A simple, teacher-made video is an explanation of multiplying a 1 digit number by a 2, 3, or 4-digit number. Very well-paced for live instruction (includes encouragement from a costumed child for positive support). (03:12)

A weird way of doing long multiplication...but it's amazing still. Lines are drawn representing the digits in the problem. The number of intersections at particular points gives the answer to the multiplication question. Pen and paper - no narrative.... (01:14)[more]

In this student-created video, a tip for multiplying numbers 11-19 mentally is demonstrated. A student explains the tip on a white board using the example, 15 x 13. (01:14)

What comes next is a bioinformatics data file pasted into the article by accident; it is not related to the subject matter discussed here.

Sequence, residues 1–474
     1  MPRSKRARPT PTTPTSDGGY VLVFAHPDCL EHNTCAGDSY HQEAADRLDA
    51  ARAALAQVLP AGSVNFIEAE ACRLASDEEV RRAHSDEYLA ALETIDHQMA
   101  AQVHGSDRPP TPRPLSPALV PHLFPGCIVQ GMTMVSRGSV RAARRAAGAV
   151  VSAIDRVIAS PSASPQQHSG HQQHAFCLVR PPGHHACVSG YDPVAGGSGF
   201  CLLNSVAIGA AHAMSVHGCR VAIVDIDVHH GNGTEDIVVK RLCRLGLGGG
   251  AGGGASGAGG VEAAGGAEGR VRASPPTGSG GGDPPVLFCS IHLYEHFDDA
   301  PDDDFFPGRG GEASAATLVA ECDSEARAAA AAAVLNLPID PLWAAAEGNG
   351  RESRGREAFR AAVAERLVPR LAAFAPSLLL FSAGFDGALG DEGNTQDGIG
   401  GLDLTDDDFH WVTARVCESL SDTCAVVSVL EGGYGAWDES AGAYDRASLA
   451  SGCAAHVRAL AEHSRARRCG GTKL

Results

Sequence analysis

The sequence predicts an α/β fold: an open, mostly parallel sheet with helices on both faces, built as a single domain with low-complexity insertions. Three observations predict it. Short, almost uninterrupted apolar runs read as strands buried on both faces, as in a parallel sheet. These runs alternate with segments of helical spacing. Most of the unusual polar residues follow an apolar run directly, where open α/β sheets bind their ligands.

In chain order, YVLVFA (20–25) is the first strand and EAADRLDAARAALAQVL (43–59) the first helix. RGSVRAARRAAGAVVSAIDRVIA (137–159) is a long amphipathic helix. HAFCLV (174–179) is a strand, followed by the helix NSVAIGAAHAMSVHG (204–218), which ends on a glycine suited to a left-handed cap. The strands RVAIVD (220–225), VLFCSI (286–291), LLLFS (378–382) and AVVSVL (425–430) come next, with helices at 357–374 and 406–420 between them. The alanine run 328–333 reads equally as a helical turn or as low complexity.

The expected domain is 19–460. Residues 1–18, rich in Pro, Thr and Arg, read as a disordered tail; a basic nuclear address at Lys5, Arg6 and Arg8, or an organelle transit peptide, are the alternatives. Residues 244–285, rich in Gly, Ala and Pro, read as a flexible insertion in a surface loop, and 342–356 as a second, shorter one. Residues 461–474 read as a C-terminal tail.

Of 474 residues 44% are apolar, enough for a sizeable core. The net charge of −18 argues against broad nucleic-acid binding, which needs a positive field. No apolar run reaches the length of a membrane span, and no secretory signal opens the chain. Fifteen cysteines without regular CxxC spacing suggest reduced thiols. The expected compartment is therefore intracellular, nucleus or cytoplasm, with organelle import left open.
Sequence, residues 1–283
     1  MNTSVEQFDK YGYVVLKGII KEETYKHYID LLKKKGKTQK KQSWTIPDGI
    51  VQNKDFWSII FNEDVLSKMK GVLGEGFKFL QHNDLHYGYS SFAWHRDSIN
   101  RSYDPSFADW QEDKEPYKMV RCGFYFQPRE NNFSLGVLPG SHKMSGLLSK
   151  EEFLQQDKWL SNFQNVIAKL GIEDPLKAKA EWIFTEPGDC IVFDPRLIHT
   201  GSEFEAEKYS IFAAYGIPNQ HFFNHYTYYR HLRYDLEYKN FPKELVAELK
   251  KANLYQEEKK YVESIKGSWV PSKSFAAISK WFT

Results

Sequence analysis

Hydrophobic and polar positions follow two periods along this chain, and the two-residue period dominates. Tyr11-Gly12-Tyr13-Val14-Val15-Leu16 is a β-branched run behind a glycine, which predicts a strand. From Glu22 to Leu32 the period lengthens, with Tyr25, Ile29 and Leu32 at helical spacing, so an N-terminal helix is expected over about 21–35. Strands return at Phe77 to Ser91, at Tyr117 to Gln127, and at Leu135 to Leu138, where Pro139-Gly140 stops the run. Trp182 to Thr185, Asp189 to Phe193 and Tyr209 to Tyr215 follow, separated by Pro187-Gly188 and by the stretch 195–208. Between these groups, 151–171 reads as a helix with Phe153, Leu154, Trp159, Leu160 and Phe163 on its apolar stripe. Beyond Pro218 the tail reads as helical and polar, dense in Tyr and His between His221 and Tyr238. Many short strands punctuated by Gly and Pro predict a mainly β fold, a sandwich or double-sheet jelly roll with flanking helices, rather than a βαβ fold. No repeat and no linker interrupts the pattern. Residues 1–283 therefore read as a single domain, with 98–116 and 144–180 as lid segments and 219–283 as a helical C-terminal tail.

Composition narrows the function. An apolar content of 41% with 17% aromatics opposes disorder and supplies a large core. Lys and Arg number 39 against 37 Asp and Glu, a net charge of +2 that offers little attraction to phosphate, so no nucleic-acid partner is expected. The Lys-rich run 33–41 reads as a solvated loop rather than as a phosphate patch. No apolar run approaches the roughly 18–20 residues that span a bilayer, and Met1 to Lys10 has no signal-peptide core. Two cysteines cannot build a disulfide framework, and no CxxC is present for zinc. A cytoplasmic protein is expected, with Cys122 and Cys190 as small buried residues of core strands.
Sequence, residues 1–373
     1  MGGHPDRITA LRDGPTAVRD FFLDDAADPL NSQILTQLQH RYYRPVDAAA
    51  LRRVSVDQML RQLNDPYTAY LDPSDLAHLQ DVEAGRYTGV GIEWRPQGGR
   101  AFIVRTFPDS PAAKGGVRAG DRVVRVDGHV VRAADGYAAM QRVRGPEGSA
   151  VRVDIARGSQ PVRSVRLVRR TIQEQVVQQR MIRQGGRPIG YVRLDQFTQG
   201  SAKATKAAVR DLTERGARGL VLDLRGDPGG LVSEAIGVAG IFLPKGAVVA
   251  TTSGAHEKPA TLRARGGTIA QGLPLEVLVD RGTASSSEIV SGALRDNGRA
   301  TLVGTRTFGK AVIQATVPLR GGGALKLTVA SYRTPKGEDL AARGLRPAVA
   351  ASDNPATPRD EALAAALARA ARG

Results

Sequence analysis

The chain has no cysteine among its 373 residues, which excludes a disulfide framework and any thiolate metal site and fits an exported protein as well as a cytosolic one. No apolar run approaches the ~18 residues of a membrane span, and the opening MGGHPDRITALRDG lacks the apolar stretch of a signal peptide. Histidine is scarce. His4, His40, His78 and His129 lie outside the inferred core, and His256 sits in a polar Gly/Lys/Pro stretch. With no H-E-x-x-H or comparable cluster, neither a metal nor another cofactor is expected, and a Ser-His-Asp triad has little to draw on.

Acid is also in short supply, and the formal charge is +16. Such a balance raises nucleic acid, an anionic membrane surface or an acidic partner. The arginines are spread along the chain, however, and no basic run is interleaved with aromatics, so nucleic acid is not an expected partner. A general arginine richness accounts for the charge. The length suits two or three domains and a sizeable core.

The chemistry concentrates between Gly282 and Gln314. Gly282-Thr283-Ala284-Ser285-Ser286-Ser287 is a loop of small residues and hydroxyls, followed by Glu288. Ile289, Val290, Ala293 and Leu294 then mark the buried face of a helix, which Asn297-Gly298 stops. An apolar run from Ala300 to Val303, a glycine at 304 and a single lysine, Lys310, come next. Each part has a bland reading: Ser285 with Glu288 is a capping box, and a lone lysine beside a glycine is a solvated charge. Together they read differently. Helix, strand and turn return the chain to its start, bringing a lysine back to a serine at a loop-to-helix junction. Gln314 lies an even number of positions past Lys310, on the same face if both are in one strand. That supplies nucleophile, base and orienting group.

Students learn to multiply numbers with one or more digits, such
as 56 x 7. The first step is to line up the numbers vertically so that
the units digits are in the same column. Next, multiply 6 x 7 to get
42, which is the same as 4 tens and 2 ones.... So put a 2 in the units
column and carry a 4 to the tens column. Next, multiply 5 x 7 to get
35, then add the 4 that was carried to the tens column to get 39. So 56 x 7 = 392. Note that the answer to a multiplication problem is called the product, so the product of 56 x 7 is 392. Students also learn to multiply numbers with two or more digits, such as 21 x 43, by creating two rows of products and adding the rows. (01:56)[more]

From discoveryeducation.com, produced by Discovery Education

Students learn how to multiply two two-digit numbers by first learning how to multiply a two-digit number by a tens number and comparing it to multiplying a two-digit number by a one-digit number. (04:23)

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